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By LeAnn R. Ralph
COLFAX — The first hint there might be something seriously wrong at the Colfax Department of Public Works building was when the ceiling started to sag.
It’s much worse now.
“Good thing” the bucket of the end loader is there to hold up the ceiling, commented Margaret Burcham, village trustee, at the Colfax Village Board’s March 25 meeting.
Rand Bates, director of public works, said he saw “a small sag initially” but now “the nails are letting go.”
Bates first reported the problem with the ceiling at the DPW building last fall at the end of September, and the Colfax Village Board unanimously approved a motion to advertise for bids to repair the DPW ceiling and to pay for the repair out of the unassigned general fund balance.
At the time, the estimated cost for fixing the ceiling was $8,800, and the work was expected to be completed this winter.
When the DPW building was initially remodeled, sections of the steel ceiling were nailed into the wooden two-by-fours rather than screwed into the wood.
The nails are particularly hard on the ceiling because the building shifts every time the wind blows or a train goes by, Bates had explained at the September meeting.
When Bates first noticed the problem, there was a foot-and-a-half “dip” in the middle of the ceiling.
Local contractors were too busy to get at the work last fall, and after winter had arrived, wanted to wait until the weather had warmed up to do the work.
Bates reported at the March 25 meeting he would be obtaining an estimate from MSA Professional Services out of Rice Lake.
MSA was the engineering firm that designed the project when the former Cenex warehouse was being remodeled for use by the public works department.
Carey Davis, village trustee, asked if the village’s insurance would cover the ceiling.
There were no ice dams on the building or water in the ceiling, said Lynn Niggemann, village administrator-clerk-treasurer.
The next day after the village board meeting, an engineer and an insurance adjuster would be looking at the ceiling, she said.
The village’s insurance policy has an “errors and omissions” clause, and if the ceiling has collapsed because of the prior work done on it, the insurance will not cover the cost of repairs, Niggemann said.
“It is not looking like a covered expense,” she said.
Davis said he assumed the village would have needed state-approved plans to remodel the building.
Bates said he had a set of plans but that he did not see state approval on the plans.
The plans might be a copy, though, and not the original, he said, noting they would need to find the master set of plans.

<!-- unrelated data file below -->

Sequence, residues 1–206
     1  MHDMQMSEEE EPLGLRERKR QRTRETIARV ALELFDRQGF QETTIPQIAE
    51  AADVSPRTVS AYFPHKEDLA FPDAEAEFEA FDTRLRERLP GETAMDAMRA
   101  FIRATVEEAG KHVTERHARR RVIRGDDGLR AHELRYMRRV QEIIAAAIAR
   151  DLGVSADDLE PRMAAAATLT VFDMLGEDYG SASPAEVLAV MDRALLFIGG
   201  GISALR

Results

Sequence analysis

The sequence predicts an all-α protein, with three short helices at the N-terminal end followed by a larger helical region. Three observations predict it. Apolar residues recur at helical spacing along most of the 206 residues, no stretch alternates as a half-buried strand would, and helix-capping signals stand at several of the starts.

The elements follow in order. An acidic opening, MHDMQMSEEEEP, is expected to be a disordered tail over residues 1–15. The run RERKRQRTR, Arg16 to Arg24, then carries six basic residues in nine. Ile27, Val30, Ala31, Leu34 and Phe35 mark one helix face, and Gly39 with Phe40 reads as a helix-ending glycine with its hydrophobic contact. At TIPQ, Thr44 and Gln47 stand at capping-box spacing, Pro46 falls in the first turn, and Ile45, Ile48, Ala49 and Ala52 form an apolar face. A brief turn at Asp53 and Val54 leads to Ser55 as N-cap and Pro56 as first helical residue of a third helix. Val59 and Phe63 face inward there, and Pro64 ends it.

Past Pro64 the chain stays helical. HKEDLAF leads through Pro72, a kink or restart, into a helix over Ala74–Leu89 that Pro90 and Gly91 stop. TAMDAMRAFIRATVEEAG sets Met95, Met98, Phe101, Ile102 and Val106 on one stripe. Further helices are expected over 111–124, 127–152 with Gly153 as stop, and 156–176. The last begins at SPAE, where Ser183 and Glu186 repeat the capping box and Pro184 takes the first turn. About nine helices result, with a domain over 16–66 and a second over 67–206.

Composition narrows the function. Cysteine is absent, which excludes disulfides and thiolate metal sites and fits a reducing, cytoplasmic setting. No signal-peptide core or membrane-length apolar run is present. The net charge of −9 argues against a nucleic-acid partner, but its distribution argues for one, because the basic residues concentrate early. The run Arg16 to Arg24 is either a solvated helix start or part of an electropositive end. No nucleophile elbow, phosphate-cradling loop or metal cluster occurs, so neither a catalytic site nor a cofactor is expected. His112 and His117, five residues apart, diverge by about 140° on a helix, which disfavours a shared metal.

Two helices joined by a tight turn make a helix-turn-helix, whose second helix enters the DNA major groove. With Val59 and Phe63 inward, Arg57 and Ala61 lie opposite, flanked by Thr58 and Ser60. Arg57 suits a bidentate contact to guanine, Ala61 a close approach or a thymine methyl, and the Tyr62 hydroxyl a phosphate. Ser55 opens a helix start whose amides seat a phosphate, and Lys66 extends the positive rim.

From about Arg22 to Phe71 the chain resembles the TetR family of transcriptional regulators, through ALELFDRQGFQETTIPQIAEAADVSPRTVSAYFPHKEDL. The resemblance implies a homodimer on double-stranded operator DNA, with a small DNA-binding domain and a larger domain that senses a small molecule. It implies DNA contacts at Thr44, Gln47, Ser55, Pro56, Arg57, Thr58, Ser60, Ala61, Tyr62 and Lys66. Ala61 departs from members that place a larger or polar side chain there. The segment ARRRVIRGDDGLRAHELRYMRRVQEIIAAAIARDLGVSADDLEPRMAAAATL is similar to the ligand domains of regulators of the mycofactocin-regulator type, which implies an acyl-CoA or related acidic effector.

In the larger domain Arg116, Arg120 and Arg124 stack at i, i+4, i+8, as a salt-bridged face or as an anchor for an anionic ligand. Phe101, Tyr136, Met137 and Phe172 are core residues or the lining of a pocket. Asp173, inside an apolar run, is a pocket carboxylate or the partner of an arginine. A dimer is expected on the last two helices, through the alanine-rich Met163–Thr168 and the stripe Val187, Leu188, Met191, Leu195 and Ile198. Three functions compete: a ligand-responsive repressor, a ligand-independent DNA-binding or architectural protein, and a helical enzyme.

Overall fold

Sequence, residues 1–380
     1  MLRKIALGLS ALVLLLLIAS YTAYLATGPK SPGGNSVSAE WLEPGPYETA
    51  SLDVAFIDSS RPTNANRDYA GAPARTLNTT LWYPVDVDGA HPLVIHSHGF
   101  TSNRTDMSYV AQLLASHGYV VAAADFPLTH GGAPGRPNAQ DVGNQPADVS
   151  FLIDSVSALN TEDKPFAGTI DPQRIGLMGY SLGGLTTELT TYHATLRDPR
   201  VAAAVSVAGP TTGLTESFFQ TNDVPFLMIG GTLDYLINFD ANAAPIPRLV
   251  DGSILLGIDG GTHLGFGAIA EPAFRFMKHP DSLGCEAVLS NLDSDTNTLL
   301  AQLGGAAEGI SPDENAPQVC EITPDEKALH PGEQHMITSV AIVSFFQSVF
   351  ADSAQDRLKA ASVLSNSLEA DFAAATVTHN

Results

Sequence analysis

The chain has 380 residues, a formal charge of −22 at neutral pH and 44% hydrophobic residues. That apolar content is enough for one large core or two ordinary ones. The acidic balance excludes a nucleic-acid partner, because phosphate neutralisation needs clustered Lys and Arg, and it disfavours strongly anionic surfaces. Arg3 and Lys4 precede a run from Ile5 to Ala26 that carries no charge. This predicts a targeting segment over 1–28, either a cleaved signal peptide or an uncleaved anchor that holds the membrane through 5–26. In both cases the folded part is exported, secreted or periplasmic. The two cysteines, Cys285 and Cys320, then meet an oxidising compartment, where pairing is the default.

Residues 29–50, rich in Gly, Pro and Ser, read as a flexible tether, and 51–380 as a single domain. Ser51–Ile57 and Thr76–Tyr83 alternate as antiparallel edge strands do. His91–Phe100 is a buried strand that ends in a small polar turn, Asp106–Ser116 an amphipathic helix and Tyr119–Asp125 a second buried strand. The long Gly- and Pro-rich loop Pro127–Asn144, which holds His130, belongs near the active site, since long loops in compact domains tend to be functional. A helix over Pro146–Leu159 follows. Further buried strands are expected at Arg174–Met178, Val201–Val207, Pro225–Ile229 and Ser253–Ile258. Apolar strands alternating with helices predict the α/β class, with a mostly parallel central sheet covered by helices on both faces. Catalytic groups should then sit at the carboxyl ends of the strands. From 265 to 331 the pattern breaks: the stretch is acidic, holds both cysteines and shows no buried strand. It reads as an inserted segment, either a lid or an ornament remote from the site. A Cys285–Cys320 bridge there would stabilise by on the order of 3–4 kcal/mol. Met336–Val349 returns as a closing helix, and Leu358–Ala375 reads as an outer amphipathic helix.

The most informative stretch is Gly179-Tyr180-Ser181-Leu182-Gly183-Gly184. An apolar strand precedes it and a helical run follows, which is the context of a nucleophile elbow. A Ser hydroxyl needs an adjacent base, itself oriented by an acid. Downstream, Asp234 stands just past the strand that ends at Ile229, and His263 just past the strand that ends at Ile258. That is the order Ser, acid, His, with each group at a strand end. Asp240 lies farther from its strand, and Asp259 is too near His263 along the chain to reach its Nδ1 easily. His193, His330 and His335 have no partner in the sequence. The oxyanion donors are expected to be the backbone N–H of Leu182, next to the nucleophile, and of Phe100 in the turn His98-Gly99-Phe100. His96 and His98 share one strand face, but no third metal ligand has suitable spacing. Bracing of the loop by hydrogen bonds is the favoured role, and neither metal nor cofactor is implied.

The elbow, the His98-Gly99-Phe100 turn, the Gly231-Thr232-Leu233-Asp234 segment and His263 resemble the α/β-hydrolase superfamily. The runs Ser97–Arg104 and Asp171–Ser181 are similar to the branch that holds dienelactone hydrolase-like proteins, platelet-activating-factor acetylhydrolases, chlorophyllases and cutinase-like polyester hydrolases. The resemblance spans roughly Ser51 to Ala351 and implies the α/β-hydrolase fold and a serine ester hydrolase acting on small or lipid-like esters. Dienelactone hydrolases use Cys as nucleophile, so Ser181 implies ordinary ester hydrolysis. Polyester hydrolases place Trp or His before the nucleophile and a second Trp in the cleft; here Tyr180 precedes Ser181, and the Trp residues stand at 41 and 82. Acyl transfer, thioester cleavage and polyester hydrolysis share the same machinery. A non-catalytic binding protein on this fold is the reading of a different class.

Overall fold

MSA is going to look back in their records for information, too, Bates said.
Mark Halpin, village trustee, asked if the work had been inspected when the building was remodeled.
Bates said he assumed the work had been inspected and state approved.
Keith Burcham, village trustee, asked about the ceiling in the Colfax Rescue Squad portion of the building, although he noted the two projects had been done separately.
Across the ceiling of the living quarters upstairs, there are screws three inches from the nails, Bates said.
Niggemann said she had “no idea” how much it would cost to fix the ceiling in the DPW building, but she was certain it would be quite expensive.
Gary Stene, village president, said the village board had two options: take the money out of the unassigned general fund balance or borrow the money.
Niggemann was of the opinion the village board should anticipate financing the repair.
The cost matters, but the ceiling must be repaired and must be paid for “either way,” Stene said.
Seeing as the end-loader is now holding up the ceiling, what if the end-loader is needed for something else? Halpin asked.
The DPW crew can plow snow without the end-loader, and if it was an emergency, the village could probably borrow the Woods Run end-loader, Bates said.
Woods Run and the village “help each other out” when an end-loader is needed, he said.
The Colfax Village Board anticipated the possibility of holding a special meeting to accept a bid for fixing the ceiling and to figure out how to pay for the repair.
In other business, the Colfax Village Board approved purchasing a new desktop computer from Joe Cramer Consulting for Colfax Rescue Squad Director Don Knutson at a total cost of $1,021.
Knutson’s computer is having quite a few problems and is probably ready to crash, Niggemann said.
The purchase is budgeted, she said.
The cost for the computer is $826, but the rescue squad laptop computer also must be updated, and the quote included three hours of labor to set up the computer and to update the laptop, Niggemann said.